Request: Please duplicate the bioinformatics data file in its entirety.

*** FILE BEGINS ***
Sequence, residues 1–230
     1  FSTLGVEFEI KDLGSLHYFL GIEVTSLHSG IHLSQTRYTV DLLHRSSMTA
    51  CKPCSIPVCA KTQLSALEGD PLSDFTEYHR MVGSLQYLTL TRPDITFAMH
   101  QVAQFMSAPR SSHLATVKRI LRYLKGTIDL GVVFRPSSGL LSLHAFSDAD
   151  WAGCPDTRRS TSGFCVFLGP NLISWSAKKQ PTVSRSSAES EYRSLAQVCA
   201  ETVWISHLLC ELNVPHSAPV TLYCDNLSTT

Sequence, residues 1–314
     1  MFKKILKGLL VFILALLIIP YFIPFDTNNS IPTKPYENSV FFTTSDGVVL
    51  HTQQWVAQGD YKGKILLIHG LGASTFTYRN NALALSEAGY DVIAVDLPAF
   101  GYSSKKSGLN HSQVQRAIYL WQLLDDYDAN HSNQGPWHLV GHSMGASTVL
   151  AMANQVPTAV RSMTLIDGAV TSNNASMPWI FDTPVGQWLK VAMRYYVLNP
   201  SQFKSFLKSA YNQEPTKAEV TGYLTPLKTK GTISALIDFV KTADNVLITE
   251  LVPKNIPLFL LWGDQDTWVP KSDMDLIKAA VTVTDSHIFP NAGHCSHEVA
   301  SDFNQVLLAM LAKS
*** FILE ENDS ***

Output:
Sequence, residues 1–230
     1  FSTLGVEFEI KDLGSLHYFL GIEVTSLHSG IHLSQTRYTV DLLHRSSMTA
    51  CKPCSIPVCA KTQLSALEGD PLSDFTEYHR MVGSLQYLTL TRPDITFAMH
   101  QVAQFMSAPR SSHLATVKRI LRYLKGTIDL GVVFRPSSGL LSLHAFSDAD
   151  WAGCPDTRRS TSGFCVFLGP NLISWSAKKQ PTVSRSSAES EYRSLAQVCA
   201  ETVWISHLLC ELNVPHSAPV TLYCDNLSTT

Sequence, residues 1–314
     1  MFKKILKGLL VFILALLIIP YFIPFDTNNS IPTKPYENSV FFTTSDGVVL
    51  HTQQWVAQGD YKGKILLIHG LGASTFTYRN NALALSEAGY DVIAVDLPAF
   101  GYSSKKSGLN HSQVQRAIYL WQLLDDYDAN HSNQGPWHLV GHSMGASTVL
   151  AMANQVPTAV RSMTLIDGAV TSNNASMPWI FDTPVGQWLK VAMRYYVLNP
   201  SQFKSFLKSA YNQEPTKAEV TGYLTPLKTK GTISALIDFV KTADNVLITE
   251  LVPKNIPLFL LWGDQDTWVP KSDMDLIKAA VTVTDSHIFP NAGHCSHEVA
   301  SDFNQVLLAM LAKS